How Was Your Day … Former Model Turned Butterfly Researcher?

How Was Your Day … Former Model Turned Butterfly Researcher?

Why you should care

Because sometimes it’s OK to talk to strangers.

In this occasional series, OZY takes to streets and neighborhoods across the globe to ask a simple question: “How was your day?”

Alana Edwards
Delray Beach, Florida

Staying home on a Saturday night doing homework sounds so high school. But here I am again, working on my homework for my Ph.D. I just became a Ph.D. candidate, and the only thing I have left is to get out in the field and do some research. Here I am, back at school again, and I completely forgot all about how hard it was when I got my master’s. It took me 10 years to get my undergraduate degree.

At 18, I packed my bags and moved to Chicago to pursue a modeling career. I was a struggling print and runway model. I waited tables to pay the bills. I never made it. I worked with a girl who became very famous — Halle Berry. One morning there was a woman on TV talking about planting a butterfly garden. I was like, wait — you plant a plant and a butterfly comes into your garden? Let me tell my mom about this. I came home at Christmastime and she had planted a butterfly garden. She was teaching me about it.

And then I ended up moving back to Florida, and I got sucked in. People know that if you plant milkweed you get a monarch. But she and I became obsessed — we wanted to know what every butterfly was and what their plant was. We wanted to make sure we had every butterfly plant for every butterfly. Before long, I was taking pictures and doing slide shows, and I would go out to groups and tell them what they needed to plant a butterfly garden. We started the first chapter of the North American Butterfly Association in Florida. That was in 1995. When you first walk through my door, there are two butterfly floor mats: inside and out.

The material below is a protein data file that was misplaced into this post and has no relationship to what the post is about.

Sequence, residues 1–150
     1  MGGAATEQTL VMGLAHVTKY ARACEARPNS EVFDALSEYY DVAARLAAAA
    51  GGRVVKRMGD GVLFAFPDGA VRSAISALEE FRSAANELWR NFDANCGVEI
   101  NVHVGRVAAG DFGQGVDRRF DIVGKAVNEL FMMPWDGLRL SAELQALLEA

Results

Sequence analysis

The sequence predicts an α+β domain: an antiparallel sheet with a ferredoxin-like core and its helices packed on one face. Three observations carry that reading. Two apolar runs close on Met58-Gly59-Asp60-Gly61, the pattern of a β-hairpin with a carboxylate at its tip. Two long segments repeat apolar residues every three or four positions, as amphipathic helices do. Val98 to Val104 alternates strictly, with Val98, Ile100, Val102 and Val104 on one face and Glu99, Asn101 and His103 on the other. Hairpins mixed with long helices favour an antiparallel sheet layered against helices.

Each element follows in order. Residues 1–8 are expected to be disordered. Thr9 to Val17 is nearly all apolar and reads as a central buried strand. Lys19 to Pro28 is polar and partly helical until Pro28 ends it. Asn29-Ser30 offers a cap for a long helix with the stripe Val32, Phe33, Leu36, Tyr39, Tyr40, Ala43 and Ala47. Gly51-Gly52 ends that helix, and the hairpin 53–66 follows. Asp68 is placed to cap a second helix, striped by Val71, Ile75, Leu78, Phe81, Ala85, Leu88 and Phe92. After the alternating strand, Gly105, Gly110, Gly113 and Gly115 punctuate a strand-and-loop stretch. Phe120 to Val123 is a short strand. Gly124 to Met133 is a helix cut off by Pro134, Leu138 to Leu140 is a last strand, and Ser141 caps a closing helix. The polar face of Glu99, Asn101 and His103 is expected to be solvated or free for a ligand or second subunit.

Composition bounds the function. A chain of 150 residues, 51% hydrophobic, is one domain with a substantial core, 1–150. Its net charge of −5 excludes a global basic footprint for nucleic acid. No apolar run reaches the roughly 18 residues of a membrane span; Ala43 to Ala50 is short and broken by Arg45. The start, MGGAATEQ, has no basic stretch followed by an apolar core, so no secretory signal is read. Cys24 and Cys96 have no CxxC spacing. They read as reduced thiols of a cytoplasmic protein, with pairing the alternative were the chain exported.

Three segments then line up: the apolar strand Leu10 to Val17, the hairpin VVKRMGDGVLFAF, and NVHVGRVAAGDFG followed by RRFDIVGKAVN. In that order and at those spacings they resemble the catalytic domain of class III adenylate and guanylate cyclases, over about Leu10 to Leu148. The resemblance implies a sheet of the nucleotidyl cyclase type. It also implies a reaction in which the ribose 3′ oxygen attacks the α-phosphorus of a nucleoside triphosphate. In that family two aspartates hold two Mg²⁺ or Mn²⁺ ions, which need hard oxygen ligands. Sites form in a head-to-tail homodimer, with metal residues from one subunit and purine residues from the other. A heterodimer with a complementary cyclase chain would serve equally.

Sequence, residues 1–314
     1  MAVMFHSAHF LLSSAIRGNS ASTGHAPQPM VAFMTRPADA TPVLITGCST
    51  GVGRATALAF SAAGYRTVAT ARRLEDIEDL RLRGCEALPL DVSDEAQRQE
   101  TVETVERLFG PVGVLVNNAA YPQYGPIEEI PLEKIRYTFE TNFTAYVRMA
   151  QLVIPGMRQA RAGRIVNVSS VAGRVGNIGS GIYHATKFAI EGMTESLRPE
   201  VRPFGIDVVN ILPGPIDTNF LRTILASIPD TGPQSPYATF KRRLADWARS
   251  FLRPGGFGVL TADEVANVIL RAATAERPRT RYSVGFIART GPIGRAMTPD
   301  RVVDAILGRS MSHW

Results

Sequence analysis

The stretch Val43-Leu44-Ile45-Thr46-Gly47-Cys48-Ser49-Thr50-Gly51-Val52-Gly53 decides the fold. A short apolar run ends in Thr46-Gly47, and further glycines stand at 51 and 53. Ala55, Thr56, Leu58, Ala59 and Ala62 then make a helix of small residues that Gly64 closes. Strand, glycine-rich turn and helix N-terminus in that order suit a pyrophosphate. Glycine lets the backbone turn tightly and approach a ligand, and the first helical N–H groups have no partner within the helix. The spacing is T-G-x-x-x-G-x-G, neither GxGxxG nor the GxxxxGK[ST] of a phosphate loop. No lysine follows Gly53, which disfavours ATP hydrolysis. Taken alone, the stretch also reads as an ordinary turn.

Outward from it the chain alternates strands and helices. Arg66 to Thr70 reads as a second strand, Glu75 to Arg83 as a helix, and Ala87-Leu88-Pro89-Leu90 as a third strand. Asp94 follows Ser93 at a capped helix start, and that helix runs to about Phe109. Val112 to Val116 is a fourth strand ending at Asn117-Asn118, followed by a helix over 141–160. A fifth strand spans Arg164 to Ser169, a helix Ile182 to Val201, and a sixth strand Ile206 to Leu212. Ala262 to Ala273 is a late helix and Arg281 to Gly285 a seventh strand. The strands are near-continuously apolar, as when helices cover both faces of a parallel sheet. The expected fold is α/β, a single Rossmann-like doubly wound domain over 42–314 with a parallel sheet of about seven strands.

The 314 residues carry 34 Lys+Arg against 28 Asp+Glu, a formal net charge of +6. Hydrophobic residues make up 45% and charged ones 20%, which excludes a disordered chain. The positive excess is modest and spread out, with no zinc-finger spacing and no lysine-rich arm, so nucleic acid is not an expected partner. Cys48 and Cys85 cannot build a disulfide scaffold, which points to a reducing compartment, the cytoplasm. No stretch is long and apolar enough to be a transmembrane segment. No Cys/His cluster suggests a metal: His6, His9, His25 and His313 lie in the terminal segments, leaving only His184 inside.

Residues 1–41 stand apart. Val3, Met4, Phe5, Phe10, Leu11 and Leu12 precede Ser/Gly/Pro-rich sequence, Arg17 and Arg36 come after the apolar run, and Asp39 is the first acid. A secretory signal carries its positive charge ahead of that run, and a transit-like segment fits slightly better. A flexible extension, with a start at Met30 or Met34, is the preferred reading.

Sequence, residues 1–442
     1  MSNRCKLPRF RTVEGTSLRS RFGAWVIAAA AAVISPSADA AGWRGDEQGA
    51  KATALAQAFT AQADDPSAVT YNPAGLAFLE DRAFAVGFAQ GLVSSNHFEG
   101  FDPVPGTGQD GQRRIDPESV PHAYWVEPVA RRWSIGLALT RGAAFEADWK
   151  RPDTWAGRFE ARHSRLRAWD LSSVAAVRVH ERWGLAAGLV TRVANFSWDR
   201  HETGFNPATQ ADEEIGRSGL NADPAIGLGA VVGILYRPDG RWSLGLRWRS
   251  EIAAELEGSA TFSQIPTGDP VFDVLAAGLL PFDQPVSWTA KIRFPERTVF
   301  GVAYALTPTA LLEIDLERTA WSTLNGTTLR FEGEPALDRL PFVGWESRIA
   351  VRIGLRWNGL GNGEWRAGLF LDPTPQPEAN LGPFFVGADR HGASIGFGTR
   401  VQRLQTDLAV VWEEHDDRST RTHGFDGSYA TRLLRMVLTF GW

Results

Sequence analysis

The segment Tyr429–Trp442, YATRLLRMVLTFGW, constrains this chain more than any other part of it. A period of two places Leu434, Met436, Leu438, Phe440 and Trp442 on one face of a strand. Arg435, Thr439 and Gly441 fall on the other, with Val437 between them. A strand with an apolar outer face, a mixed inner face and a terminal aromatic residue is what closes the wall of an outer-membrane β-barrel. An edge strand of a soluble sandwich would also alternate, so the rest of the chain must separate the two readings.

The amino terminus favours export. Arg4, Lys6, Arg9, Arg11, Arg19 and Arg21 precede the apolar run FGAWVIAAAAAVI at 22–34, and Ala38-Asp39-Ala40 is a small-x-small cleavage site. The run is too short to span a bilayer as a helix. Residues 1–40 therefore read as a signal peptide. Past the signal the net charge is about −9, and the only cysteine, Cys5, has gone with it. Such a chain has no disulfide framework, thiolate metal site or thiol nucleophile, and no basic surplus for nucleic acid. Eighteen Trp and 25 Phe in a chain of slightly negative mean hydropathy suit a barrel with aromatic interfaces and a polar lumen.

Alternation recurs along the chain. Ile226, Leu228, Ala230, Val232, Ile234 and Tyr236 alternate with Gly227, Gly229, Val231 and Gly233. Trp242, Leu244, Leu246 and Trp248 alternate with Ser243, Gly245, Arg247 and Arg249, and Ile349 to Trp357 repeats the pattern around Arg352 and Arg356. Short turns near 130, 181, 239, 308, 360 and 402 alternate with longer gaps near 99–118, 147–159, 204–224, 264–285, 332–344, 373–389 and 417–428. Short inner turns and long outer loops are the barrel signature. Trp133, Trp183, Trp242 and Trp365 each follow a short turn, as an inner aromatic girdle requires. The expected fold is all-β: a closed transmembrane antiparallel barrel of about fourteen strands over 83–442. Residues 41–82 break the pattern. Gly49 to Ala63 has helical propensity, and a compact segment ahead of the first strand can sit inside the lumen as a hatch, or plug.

My partner thinks it’s nuts. He says, “You know, you don’t have to buy everything with a butterfly on it.”

Every photograph on the wall is either a photograph I’ve taken of a butterfly or butterfly art. Every dish and vase has butterflies on it. My sofa has a butterfly throw and pillows. Butterfly lampshades on my lamps. My partner thinks it’s nuts. He says, “You know, you don’t have to buy everything with a butterfly on it.” But then for my birthday, he bought me a beautiful bench for my garden in the shape of a butterfly. I guess I give myself a little credibility because I’m not just some person with butterflies; I’m actually studying them in the real world.

There is a rare butterfly called Bartram’s scrub-hairstreak; it’s a federally endangered species. It’s found in the pine rocklands of Miami-Dade County. This butterfly survives in areas that have gotten good fire, because the plant that it needs to live on will only grow well in areas that have had frequent fire. I’m measuring everything to determine what it is they need.

There are butterfly watchers and butterfly collectors. I’m a watcher. Going to a butterfly house is like cheating. It’s not as exciting as encountering them in the wild and not knowing what you’re going to encounter. It’s like a scavenger hunt. When it’s something that’s incredibly rare, I start screaming. I have a hard time getting the camera up. I’m shaking. I can’t get words together. I do feel I have been through an incredible metamorphosis in my life. Or maybe it’s a metamorphosis in reverse, because as a model I started as the pretty butterfly and now I’m ending up crawling around in the pine rocklands like a caterpillar.

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